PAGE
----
Can sleep tracking lead to worse sleep in the end? A recent study in the Journal of Clinical Sleep Medicine found some interesting answers.
If you're like the one in six US adults who owns a fitness tracker, you know about the data-measured life. But can sleep tracking actually lead to worse sleep?
If you suspect you're having problems from lack of sleep, you might start paying more attention to the sleep data on your fitness tracker, or even get a fitness tracker or sleep app to help you address the issue. After all, there are definite benefits to sleep tracking. Observing patterns in your sleep might help you figure out what's making you sleep poorly. It can help you set and stay accountable toward your sleep goals. And if you're trying out strategies for better sleep, tracking your sleep before and after could give you an idea of whether your new tricks are working.
The problem, however, is that better sleep isn't a straightforward goal like working out: just because you put in more time doesn't mean you see more results.
The (Potential) Problem:
The problem, however, is that better sleep isn't a straightforward goal like working out: just because you put in more time doesn't mean you see more results. In fact, the study found that when people were too focused on their sleep tracking data, it was actually counterproductive: feeling the pressure of looking at those numbers in the morning, people did things that actually made their sleep worse. They worried even more that they wouldn't achieve their sleep goals, which made it even more difficult to fall asleep. They started spending more and more time in bed, which sleep experts actually advise against if you have trouble falling asleep and staying asleep. Researchers even gave this issue a name: "orthosomnia," literally meaning "correct sleep," but actually referring to an unhealthy preoccupation with achieving the perfect sleep.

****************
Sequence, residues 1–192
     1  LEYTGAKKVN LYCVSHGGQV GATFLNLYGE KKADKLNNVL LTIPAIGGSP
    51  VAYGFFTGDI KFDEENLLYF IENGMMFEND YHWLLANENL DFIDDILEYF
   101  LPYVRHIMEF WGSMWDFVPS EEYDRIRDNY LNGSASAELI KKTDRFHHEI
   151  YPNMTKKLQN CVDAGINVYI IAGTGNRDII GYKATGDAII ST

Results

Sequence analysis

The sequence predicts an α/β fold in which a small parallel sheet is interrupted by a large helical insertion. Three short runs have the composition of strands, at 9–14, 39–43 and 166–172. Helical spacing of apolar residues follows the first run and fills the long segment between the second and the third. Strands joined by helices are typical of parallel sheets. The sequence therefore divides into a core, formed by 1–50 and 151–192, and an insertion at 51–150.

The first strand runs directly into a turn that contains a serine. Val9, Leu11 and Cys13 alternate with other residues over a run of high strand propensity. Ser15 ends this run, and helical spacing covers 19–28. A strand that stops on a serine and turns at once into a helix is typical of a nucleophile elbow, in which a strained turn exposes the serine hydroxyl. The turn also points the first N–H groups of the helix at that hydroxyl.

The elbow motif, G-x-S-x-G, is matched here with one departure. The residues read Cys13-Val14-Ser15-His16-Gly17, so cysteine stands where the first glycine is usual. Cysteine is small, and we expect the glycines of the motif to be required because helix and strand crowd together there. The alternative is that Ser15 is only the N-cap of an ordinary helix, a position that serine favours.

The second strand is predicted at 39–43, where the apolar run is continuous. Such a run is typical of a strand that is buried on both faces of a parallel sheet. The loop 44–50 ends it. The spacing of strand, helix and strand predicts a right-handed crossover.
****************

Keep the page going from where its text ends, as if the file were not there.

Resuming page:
The Reality: How Sleep Trackers Work, and How They Can Help
It may help to understand how sleep trackers (and most fitness trackers) work. Most trackers (and phone apps that track sleep) work by detecting motion. Fitness trackers use accelerometers to monitor the acceleration, frequency, duration, intensity, and patterns of your movement. Basically, both trackers and sleep apps detect when you're moving, and then use software to translate those movements into conclusions about the sleep you got.
The problem, of course, is that this isn't a terribly accurate reflection of your sleep. Movement is one indication of how deeply asleep you are - but it's not a foolproof one. A sleep tracker might think you're asleep if you're sitting in bed reading, for example, or awake but not moving. Multiple studies have revealed that sleep trackers can't accurately discern between stages of sleep. Even trackers with more types of sensors - those that measure temperature and pulse rate, for example - can be fooled. In a lab setting, researchers use polysomnography, or PSG, which uses electrodes on your scalp to measure brain waves. Strange and sci-fi-sounding, but accurate!
In light of this, it's clear that sleep trackers can be helpful - but only so far. They're a good way to see approximately how much sleep you're getting in general. They can help you track patterns, which could reveal triggers for poor sleep you're not realizing, and can help you track the effectiveness of new sleep strategies you try. Bottom line: take their information with a grain of salt, as a tool in your overall sleep goals, but don't let the numbers rule you. If you feel yourself getting anxious when you look at your sleep tracking data, it may be a good time to stop tracking and start employing other strategies to improve sleep.